Today brings two absolutely new pieces of stupidity regarding the suicidal bent of print publishing.
Yesterday morning, the pair of Stanford University graduate students who made the hot news-reading iPad app, Pulse News Reader, were ecstatic to be mentioned first–as one of the most promising developers for the new tablet device–in his keynote speech by Apple CEO Steve Jobs at the Worldwide Developers Conference in San Francisco.
But, by the afternoon, that flush of entrepreneurial success had turned sour, after Apple (AAPL) informed the two that Pulse was being pulled from the App Store, after it received a written notice from the New York Times Company (NYT) that “The New York Times Company believes your application named ‘Pulse News Reader’ infringes The New York Times Company’s rights.”
Boldfaced emphasis added by me.
Dig it. An app that calls attention to dying newspapers and makes them easy to read — and therefore opens up the possibility of revitalizing them! — has a pillow placed over its head while it’s still in the crib!
What is wrong with this picture?
Is there not a group for newspaper publishers? There is! And look at its logo:
Wait. What’s that? Let me highlight it:
If that’s the case, then what the hell is a member of that organization doing fighting the future?
In a world that made sense, someone in the newspaper industry would have seen the hoopla over the Pulse Reader and thought, “You know, all of us should get together and cut a deal with those guys!”
Isn’t that what the hell the NAA is supposed to be thinking?
Today, NAA serves the newspaper industry in strategic efforts to:
Serve as a catalyst for industry growth
Identify and disseminate examples of industry innovation
Provide tools to exchange information and ideas
Advocate and communicate industry views and interests to the Federal Government and to third-party standards and measurement bodies
Communicate the vitality of newspaper media to external constituencies including the advertising community, Wall Street and the news media.
Wow, maybe not. All I see in that list is talk talk talk — that’s what the fancy word “advocate” is a mask for.
Oh, wait. Action is mentioned:
Identify and disseminate examples of industry innovation
Well, hello! What the hell is Pulse Reader? Or doesn’t it count, because it’s outside the “industry”? Here’s a clue: Most innovation is now outside of your industry. Catch up!
Deadfolk rightly received a handful of very good reviews and sold a respectable number of copies. It was followed by Fags and Lager and King of the Road – both of which also received equally favourable reviews, but sold in smaller quantities.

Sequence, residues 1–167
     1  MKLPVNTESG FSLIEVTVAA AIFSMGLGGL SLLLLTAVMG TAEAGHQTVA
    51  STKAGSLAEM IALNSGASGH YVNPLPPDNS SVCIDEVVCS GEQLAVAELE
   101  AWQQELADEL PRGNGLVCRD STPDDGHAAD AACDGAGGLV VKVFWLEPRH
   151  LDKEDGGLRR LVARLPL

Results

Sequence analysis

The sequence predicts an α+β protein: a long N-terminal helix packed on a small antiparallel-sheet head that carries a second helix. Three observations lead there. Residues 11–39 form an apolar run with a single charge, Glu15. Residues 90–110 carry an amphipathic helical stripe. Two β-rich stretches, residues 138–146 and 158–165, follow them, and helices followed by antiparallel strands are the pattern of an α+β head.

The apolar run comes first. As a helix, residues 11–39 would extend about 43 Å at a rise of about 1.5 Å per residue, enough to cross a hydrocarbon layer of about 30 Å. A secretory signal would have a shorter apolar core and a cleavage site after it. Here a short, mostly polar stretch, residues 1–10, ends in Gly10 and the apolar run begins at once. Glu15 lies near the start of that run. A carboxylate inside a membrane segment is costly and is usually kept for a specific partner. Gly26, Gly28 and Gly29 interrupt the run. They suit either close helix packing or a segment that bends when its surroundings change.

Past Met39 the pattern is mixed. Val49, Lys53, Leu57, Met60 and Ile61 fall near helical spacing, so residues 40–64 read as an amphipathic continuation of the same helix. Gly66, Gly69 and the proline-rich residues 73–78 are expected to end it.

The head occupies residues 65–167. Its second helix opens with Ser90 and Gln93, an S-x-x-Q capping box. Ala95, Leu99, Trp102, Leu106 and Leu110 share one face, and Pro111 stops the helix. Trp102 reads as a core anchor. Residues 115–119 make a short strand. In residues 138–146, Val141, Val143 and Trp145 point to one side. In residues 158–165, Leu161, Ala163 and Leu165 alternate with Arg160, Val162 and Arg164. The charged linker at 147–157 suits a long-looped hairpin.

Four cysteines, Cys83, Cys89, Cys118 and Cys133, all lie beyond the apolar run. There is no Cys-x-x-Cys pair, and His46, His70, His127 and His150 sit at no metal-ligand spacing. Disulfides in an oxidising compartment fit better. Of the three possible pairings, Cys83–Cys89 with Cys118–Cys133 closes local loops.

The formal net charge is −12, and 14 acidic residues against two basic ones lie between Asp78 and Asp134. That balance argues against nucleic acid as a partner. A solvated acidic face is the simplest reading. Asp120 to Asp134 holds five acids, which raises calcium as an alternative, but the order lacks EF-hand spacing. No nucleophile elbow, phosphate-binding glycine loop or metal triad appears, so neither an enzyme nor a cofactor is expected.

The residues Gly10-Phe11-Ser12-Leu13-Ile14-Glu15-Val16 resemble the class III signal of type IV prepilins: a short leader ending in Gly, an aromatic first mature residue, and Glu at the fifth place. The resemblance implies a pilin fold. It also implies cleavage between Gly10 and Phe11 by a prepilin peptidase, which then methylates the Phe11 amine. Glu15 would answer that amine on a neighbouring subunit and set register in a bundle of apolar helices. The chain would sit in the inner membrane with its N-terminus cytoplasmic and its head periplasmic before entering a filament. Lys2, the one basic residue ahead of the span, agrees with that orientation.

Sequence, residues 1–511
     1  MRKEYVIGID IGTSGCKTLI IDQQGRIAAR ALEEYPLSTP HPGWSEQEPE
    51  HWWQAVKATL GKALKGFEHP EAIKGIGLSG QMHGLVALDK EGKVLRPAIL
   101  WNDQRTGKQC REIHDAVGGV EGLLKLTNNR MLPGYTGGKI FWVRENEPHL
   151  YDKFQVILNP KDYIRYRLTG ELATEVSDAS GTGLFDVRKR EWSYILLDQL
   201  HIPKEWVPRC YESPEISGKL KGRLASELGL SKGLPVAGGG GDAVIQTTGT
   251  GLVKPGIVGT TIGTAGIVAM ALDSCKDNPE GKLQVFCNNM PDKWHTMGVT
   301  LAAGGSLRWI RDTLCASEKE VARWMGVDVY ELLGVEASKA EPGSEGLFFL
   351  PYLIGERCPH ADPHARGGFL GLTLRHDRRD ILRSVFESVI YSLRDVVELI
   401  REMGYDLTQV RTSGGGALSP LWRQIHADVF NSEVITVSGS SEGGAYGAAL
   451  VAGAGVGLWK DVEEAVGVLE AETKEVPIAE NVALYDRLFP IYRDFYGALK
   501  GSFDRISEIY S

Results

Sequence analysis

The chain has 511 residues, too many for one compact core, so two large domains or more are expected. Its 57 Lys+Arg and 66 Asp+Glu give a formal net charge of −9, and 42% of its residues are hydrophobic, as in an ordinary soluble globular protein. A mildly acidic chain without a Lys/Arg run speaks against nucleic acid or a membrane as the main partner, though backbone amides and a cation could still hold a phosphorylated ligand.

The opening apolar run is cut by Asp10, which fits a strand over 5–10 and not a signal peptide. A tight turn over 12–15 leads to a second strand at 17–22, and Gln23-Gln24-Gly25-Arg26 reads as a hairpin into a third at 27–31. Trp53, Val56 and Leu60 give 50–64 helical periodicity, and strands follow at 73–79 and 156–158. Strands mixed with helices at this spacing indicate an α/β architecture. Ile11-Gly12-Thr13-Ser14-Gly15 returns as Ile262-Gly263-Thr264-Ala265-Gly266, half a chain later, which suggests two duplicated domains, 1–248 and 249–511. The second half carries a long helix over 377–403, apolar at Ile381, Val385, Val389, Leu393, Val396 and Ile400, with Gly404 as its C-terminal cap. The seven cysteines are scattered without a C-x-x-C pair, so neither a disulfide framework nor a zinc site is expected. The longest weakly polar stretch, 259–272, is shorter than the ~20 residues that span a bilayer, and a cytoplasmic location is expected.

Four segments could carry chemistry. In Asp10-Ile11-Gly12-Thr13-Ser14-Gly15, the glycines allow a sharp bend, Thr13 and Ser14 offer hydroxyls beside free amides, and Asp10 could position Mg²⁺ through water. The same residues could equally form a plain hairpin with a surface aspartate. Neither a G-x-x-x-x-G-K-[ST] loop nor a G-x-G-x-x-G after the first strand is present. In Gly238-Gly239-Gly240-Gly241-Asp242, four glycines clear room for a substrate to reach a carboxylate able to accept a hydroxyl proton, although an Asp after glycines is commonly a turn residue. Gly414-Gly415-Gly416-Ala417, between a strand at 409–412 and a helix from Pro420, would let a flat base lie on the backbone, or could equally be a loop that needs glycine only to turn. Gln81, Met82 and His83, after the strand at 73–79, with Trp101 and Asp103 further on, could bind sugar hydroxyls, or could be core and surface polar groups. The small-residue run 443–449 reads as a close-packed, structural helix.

Until recently, that would have been a fairly typical career path for a mid-list author. Williams would have been able to keep on writing while readers caught up with the series, and hopefully one day, probably several books down the line, he would have had the breakthrough he deserves.
Today things are different. Shortly after he wrote it (and his editor said he liked it) Williams’s publisher told him they won’t be putting out the fourth Royston Blake novel, Wrongun. He’s been reduced to trying to change their mind with a Facebook group and blog – hence the typically gloriously sweary quote above.
Another example of publishing’s suicidal tendencies.
“It’s not anybody’s fault,” she told me. “Not all books can become bestsellers. You have to be able go out there to persuade booksellers that this is the one. And because sales figures are so well kept by bookscan now, you can’t really be ‘creative’ in the way that people used to be.”
In other words, it’s no longer possible to avoid the bottom line. Shops won’t stock books when the computer says no.
That the publisher in question here is Serpent’s Tail makes it all the more shocking. This is a publisher that’s supposed to have some damned grit. Their business was built on seeking out the unusual and helping it to grow into its potential.
But look at what they are focused on: the bookstores!
Here’s a clue for you. This is the future of bookstores:
If you’re basing your business on that, close up shop right now, today, this very minute, do not even keep reading this damned post because you are on the way out and every moment you keep reading here is one moment you are robbing from your future time standing on the unemployment line — if you can qualify for it!
Even major bookseller Barnes & Noble has seen the future:
Serpent’s Tail also antagonizes me because one of the Pan Macmillanists made a big announcement at their blog several months ago:
You may or may not have seen, but alas, I am leaving Pan Macmillan. In the New Year I will be taking up a position as Digital Publishing Manager at Profile Books and Serpents Tail.
And I Commented at that time:
Listen you. Your first order of business in your new job: eBooks of ALL OF DEREK RAYMOND!
Derek Raymond is exactly the kind of writer Serpent’s Tail was created to publish.
Yet what has happened in the months since I wrote that Comment?
Oh, you guessed! NOTHING has happened!
Except this announcement that they’re now starting to shed writers!
Of all print publishers out there, it’s one such as Serpent’s Tail that should be jumping into the seat of the Internet and driving it to a new future. The Internet is not Mainstream 101. It is Niche 101. It is Specialty 101.
If you are a specialty and a niche publisher, you should know how the bloody hell to take advantage of this core aspect of the Internet! If not, what the hell is wrong with you?
So, newspapers and books — two industries that should both know how to take advantage of the greatest reading promotion system in the entire history of mankind, both failing.
And it’s their own damned fault.
So, yes: Die starving in a cardboard box.
Because that’s the future you’re trying to create for every writer who has been depending on you!